Plants regulate the temperature of the leaves to absorb more carbon


A new study has shown that plants regulate the temperature of its leaves, regardless of ambient air temperature, thus increasing carbon uptake during photosynthesis. These data are important to develop models that help to predict the consequences of climate change.

The study showed that the leaf temperature usually does not correspond to air temperature. The result of thermoregulation of plants is that their leaves tend to be warmer than the air at a low temperature, and colder air under warm weather, — said the ecologist and supervisor Sean Michalec from the Los Alamos national laboratory, USA.

Michalec and his team have developed a new theory that established a link between energy reserves in the sheet from the incoming and outgoing heat energy flows with carbon economic theory, which argues that the form and structure of leaves ultimately determine the efficiency of processing of carbon. By synthesizing these theories, the team showed how the thermoregulation of leaves helps to maximize photosynthesis and thus net carbon uptake.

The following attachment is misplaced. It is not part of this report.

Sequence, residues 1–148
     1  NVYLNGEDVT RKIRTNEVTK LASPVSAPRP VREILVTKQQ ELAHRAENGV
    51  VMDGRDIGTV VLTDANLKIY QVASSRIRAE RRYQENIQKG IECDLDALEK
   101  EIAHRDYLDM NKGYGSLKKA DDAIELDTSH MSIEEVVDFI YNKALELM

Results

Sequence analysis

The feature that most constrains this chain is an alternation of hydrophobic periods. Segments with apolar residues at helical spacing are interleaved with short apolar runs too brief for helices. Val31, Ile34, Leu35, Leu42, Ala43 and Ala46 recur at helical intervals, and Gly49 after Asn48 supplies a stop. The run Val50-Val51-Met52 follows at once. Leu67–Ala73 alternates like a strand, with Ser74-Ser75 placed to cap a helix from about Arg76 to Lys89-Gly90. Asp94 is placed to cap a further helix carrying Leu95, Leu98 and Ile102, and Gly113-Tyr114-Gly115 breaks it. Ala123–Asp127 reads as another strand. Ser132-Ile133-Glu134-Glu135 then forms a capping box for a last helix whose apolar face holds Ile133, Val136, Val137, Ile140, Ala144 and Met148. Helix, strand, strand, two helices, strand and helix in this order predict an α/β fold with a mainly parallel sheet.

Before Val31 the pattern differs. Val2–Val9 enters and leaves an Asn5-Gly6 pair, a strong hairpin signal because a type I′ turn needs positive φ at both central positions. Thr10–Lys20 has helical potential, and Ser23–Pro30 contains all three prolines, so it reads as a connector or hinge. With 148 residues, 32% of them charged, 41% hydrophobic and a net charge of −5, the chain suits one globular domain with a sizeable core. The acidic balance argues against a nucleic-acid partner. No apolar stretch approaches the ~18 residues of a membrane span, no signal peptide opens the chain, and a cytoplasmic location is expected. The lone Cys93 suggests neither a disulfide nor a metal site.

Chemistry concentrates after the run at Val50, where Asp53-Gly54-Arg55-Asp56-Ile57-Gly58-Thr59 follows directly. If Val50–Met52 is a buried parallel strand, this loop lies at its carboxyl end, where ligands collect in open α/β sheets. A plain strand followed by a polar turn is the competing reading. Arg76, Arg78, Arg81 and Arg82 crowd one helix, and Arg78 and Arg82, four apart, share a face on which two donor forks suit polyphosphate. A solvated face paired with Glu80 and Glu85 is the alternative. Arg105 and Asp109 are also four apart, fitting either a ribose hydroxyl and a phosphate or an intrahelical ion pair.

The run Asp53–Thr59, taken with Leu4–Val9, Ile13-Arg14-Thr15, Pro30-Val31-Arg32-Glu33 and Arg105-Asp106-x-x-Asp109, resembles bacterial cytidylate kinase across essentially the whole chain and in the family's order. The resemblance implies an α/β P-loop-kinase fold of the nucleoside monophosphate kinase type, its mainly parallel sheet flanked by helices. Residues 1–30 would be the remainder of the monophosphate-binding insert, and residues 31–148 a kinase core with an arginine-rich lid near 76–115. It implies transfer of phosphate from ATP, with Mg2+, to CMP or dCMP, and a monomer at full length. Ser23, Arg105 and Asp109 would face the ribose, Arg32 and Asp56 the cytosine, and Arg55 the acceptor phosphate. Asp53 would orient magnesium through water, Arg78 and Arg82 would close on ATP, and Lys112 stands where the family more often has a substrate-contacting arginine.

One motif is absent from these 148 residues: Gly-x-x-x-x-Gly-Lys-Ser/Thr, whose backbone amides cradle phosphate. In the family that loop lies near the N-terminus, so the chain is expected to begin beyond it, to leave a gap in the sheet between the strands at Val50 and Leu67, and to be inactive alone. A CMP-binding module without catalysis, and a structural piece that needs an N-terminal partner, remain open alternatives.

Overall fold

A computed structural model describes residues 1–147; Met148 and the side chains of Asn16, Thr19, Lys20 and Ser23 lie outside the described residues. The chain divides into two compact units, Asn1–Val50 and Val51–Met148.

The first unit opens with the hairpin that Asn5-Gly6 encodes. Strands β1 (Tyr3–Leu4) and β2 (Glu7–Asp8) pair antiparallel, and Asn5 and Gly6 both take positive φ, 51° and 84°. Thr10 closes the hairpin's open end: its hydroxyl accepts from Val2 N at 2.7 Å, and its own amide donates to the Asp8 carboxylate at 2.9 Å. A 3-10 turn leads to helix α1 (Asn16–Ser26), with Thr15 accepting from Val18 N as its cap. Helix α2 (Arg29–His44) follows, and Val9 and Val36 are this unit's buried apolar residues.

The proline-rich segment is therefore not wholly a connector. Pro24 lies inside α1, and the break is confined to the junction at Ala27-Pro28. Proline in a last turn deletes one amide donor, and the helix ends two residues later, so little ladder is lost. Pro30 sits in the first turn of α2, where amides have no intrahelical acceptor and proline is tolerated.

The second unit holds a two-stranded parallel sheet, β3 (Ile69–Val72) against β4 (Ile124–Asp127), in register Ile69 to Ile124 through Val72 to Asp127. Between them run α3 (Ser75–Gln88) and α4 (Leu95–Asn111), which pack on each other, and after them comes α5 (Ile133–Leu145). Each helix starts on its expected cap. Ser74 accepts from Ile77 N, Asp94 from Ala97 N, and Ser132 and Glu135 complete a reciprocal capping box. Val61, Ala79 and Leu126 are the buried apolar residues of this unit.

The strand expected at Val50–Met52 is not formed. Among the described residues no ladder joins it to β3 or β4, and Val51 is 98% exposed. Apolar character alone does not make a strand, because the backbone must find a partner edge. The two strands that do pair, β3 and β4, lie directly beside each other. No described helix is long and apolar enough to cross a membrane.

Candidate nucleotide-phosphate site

The theory team is the key to developing quantitative estimates of plant ecology, which studies the origin of thermoregulation of leaves, or the process by which the sheet temperature is different from ambient temperature.

Most of the plants through photosynthesis convert light energy and carbon dioxide from the atmosphere into sugars that are absorbed in their leaves, stems and roots. Thermoregulation of the sheet is critical for plant carbon economy, as the temperature of the leaves determines the rate of photosynthesis and respiration. Many existing models of the Earth system to predict the feedback of the interaction between plants and the atmosphere suggest that the physiology of plants associated with the ambient temperature. However, these studies indicate that the temperature of the sheet may differ significantly from the air temperature. This separation weakens the link between climate and features plants, limiting effects of climate on plant growth and carbon stocks in ecosystems.

The results of the study can help to improve models of the Earth system and predicting the effects of climate change.

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